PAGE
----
It is moving day. The small herd is going down to the new winter quarters. I get up at six, and meet the Horse Talker and her entire family, who have come to help, in the pale blue of dawn. A new moon is hovering in the sky like a silver promise and one last star glimmers beside it. I feel suddenly powerfully nostalgic for Red’s View, which we shall not see again until the spring. The beautiful mountain has watched over us so well.
There are a few loading glitches. In the end, Myfanwy the Pony has to show the posh girls how to do it. Red decides that a trailer is a very alarming place. She is used to travelling in a big lorry, with a wide ramp; this small space is not at all what she ordered. For a moment, I think all is lost. But patience, patience, one tiny step at a time - with a lot of reassurance and love, and the Pony Whisperer hopefully shaking the green bucket with the nuts in it – and suddenly, my duchess decides that she will graciously consent, and into the trailer she steps. She looks around for her small friend, who clops up into the next door stall, and off we go.
Down at the new field, Red walks down the ramp, her head high, every atom in her body gathered for novelty. She is on full predator alert. As I let her go, I expect her to explode round the field, but instead she makes off in her collected, floating trot. It is the small pony who decides it is her job to take the lead in beating the bounds, and she breaks into her roly-poly canter, with my mare following dutifully in her wake, as they inspect their new home.
‘Perhaps Myfanwy is the leader now,’ says the Pony Whisperer, thoughtfully. We ponder herd dynamics for a moment, and then go back to get Autumn the Filly, who had been most disconcerted to see us go without her.
When we bring her down, and open the trailer, Red rushes to the gate and lets out a high, plaintive neigh, as if shouting Where have you been? I find this very touching. She has bossed and dominated the filly since the moment she arrived; I had not really taken in that they had, in fact, become friends.
Once they are all together, we again expect fireworks, a bit of bronco action, some violent reaction to the move. Instead, they touch noses and fall to grazing, as if they have lived there all their lives. The Horse Talker laughs. ‘Come on,’ she says. ‘Where is the drama?’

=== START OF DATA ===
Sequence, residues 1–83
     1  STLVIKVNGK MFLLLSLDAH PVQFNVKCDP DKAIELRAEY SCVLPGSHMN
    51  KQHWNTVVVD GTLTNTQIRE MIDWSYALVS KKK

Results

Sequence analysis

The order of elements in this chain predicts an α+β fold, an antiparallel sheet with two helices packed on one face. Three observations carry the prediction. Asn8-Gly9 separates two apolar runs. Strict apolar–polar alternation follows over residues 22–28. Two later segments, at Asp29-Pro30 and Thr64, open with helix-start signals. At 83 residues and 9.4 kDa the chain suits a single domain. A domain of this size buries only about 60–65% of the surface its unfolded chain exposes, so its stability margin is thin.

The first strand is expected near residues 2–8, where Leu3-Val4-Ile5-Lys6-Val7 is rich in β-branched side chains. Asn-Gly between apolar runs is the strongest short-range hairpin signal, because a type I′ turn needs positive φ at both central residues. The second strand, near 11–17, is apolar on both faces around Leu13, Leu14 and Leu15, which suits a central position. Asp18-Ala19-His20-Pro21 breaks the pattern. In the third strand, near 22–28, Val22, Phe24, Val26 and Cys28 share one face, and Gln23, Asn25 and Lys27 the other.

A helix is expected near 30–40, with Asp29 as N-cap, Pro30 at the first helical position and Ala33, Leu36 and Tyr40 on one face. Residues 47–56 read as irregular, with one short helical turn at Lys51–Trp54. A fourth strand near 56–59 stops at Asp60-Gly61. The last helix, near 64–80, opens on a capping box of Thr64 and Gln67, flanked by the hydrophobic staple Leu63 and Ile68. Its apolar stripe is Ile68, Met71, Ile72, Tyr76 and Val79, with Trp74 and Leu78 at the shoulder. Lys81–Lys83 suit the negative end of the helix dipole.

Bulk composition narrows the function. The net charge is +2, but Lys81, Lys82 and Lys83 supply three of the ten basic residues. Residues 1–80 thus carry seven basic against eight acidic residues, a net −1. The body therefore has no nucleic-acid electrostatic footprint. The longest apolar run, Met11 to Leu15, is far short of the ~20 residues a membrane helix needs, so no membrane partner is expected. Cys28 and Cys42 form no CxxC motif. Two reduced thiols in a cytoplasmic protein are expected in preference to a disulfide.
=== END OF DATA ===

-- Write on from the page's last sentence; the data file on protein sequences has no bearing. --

I do errands. I go to the shops for my mother, I visit the chemist and the newsagent, I even take my library books back. I take this as a very Good Sign. A defining mark of keeping my life on track is whether I get the library books back on time.
I go back to the field, to check the horses. Red lifts her head and lets out the same wild, calling neigh that she did for the filly. She has never done that before. She whickers sometimes when she sees me, but she never shouts. I go in and stand with her and let her rest her head on my shoulder and gentle her soft neck. I feel all the love.
The new quarters are lovely, quite different from the flinging beauty of Red’s View. They are in a natural bowl, surrounded by thick forest and a hill to the north, and a high stone wall to the south. Everything is very quiet, and very still. There is no wind coming off the mountain, and no people coming and going. It feels like a hidden magical place, and we are lucky to have it. The most lovely thing is that it is three minutes’ walk from my front door. I no longer have to get in the car, doing the routine of morning and evening stables; I can go and see them whenever I want. This feels like extravagant luxury, and very good for the poor bashed heart. The horse love will see me through.
I go and look at what is in prospect for the day’s racing. The jumps are getting back into their stride, and I see lots of old friends, coming back after their summer off. There is my darling Overturn, whom I love as if he were mine, and the exciting talent of Balder Succes, and dear old Tamarinbleu, having his last season at the age of twelve. He was glorious on his day, and I put a sentimental couple of quid on him each way at 25-1, for love, for old times’ sake.
It is ten past one, and I have cried twice today for my dog. But the amazing thing is that as I write this, as I think of the new quarters, the mare just down the road, the lovely leaping horses that I shall welcome back this afternoon as I watch the races on the television, I feel actual pleasure and excitement. That’s the moment when I know it shall be all right.
The thing I fear is when grief paints everything; when each day is pulled down by the tugging memories and the ache of loss. It’s why I have been banging on about searching for the One Good Thing. I can do the pain if there is some pleasure too. Until now, that has been artificial; I have been searching for it, trying to cut it from whole cloth.
Today, it came organically. It was real. I’ll cry again before the day is through, but I shall also smile. I shall shout for lovely Overturn on his chasing debut. He’s been such a hero over the hurdles and on the flat; the thrill of watching him go over fences shall be intense. I shall miss the barking Pigeon, leaping up and down as she always does for the races. But I shall feel the joy of the glorious sight too. As long as the two can exist together, then I am all right.
Too many pictures to sort through, as I have to concentrate on the racing now, so here are just two for the moment:
Pigeon, from the archive: